After all the drama related to Zoom's use of a hidden web server on Mac, Apple itself has decided to intervene, TechCrunch reports. There is a silent update – which means your Mac will get it without any interaction from you – to remove the web server, designed to record an extra click for users of Safari, any Mac on which the Zoom software is installed.
Although Zoom has itself published a emergency patch yesterday to remove this web server, Apple apparently fears that enough users are not updating themselves or are not aware of the controversy at first, that it publishes its own patch. This is perfectly logical, not only because many users may not open Zoom for a while, but also because many of them have uninstalled the application. Before the emergency update of Zoom, uninstalling the application left the web server on your computer. So, Zoom would have no way of uninstalling it with an updated application. This means that the only reasonable and easy way for these people to get this fix would be to provide it to Apple. Apple believes that this software update should not affect the ability of Zoom to work on Macs.
Apple stepped in because it knew how to do it because it was still vulnerable after uninstalling Zoom in, but did not know the vulnerability or did not want to install the updated version of Zoom Update.
– Zack Whittaker (@zackwhittaker) July 10, 2019
Apparently, Apple also told Zoom that this was happening:
Priscilla McCarthy, spokesperson for Zoom, said TechCrunch"We are happy to have worked with Apple to test this update, we expect the web server problem to be solved today." We appreciate the patience of our users as we continue to work to address their concerns. "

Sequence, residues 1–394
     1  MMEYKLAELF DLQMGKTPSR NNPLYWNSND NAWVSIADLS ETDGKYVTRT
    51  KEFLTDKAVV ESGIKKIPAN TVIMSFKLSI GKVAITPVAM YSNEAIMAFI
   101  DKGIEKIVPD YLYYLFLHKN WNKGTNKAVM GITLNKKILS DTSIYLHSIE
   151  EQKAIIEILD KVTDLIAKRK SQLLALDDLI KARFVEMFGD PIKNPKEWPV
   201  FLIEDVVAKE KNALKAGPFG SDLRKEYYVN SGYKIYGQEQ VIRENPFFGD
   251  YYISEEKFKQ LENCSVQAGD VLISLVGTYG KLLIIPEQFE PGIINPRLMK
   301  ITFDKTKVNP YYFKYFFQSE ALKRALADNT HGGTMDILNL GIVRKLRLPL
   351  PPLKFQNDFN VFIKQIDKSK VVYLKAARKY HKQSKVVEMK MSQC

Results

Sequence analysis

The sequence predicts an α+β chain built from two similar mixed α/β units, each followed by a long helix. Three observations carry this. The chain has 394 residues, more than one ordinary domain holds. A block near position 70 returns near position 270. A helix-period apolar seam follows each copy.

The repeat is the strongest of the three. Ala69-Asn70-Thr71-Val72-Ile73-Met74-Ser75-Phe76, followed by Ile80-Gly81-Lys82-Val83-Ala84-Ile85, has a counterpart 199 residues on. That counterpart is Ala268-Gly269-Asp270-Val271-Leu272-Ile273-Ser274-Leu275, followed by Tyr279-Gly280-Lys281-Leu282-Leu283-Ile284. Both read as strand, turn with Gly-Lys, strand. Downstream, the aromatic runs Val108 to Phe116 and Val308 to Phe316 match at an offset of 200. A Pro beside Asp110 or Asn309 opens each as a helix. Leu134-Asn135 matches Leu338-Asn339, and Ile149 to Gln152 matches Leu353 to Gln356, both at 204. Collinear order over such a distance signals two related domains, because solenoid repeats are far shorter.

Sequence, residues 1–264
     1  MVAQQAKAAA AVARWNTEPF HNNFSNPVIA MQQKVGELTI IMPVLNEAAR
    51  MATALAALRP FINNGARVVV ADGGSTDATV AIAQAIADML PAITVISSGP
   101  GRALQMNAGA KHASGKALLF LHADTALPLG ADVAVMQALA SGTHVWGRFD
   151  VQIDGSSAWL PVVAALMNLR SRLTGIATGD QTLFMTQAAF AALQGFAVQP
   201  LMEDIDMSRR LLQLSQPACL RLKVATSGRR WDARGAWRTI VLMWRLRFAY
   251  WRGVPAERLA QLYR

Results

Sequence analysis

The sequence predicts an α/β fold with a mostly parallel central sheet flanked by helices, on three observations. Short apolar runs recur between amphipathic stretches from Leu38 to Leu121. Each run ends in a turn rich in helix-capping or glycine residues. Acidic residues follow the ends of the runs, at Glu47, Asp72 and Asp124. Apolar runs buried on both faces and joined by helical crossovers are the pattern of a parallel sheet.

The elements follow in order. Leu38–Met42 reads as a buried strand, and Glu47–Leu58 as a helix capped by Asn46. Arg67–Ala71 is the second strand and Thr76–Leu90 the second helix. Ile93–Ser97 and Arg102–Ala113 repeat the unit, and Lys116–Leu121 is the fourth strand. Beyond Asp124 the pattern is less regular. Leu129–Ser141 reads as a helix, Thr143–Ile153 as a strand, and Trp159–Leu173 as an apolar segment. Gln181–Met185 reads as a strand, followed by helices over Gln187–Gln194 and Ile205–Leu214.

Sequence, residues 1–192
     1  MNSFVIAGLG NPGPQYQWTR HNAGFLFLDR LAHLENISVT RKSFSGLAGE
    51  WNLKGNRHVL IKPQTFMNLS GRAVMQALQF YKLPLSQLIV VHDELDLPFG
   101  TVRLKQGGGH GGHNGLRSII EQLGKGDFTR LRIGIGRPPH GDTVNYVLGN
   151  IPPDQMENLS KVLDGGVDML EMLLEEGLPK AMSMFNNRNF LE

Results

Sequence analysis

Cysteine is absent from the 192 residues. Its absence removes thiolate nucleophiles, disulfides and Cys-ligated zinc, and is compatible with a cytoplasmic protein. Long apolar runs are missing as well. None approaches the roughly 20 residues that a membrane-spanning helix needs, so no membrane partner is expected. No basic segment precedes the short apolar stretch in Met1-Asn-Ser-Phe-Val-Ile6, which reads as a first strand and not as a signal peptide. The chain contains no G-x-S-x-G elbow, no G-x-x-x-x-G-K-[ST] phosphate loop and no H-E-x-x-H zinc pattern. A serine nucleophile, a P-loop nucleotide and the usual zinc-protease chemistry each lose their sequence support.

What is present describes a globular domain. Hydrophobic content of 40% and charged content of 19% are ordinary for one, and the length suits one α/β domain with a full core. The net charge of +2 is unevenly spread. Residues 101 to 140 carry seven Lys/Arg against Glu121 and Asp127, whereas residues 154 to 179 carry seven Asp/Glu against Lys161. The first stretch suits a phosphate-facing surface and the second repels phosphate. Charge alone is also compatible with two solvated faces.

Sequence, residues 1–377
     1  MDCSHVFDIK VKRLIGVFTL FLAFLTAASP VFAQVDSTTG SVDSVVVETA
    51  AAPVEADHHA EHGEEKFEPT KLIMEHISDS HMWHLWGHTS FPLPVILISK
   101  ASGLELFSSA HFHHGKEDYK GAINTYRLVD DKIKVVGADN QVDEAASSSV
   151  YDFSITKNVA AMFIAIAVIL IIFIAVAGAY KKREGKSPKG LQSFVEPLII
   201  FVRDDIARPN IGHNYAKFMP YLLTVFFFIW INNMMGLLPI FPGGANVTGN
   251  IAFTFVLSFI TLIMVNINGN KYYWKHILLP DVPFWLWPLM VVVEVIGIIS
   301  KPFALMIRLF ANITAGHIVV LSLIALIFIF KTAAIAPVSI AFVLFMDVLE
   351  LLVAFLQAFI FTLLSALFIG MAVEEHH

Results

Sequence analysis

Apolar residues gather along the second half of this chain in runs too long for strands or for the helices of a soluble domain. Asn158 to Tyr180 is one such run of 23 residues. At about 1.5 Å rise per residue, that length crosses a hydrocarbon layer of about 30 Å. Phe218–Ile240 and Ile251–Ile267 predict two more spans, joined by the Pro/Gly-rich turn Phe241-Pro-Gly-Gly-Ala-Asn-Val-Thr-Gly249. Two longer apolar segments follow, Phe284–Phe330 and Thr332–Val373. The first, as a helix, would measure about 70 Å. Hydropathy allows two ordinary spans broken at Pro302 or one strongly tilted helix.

This whole saga started earlier in the week when Security researcher Jonathan Leitschuh has published his concerns Focus on a serious vulnerability that could allow any website to open a Zoom conference automatically on your computer with the webcam turned on. Even if you uninstalled Zoom, the web server persisted on your computer and could even reinstall the application automatically.
In the day that followed, first, the web server user who activated this feature, and then the application to delete it. Talk to The edge yesterdayRichard Farley, Head of Information at Zoom, explained that the company did not really believe that its software was faulty, but wanted to reassure all those who disagreed:
Our initial position was to install this process (web server) to allow users to join the meeting without having to make these additional clicks – we feel it was the right decision. And it was (at) the request of some of our customers. But we also recognize and respect the point of view of others who say they do not wish to have an additional process on their local computer. That's why we made the decision to remove this component.
As we wrote yesterday, all the attention paid to the tactic of using a web server to work on your computer was focused on Zoom, but that was not the case alone. BlueJeans, a competing videoconferencing service, said that he was using similar software, but that he felt it was more secure. Sean Simmons, senior director of product management for the company, told us:
Although BlueJeans uses a launch service (…), we have mitigated this vulnerability by allowing only bluejeans.com websites to launch the BlueJeans desktop application in a meeting. Secondly, uninstalling BlueJeans on Mac or Windows completely deletes the application and launcher service described in the article above. We continue to review all points of the Medium publication and plan to have another update shortly.
The story, excuse me the pun, could very well deviate from the web conferencing software in question and apply to other applications for Mac.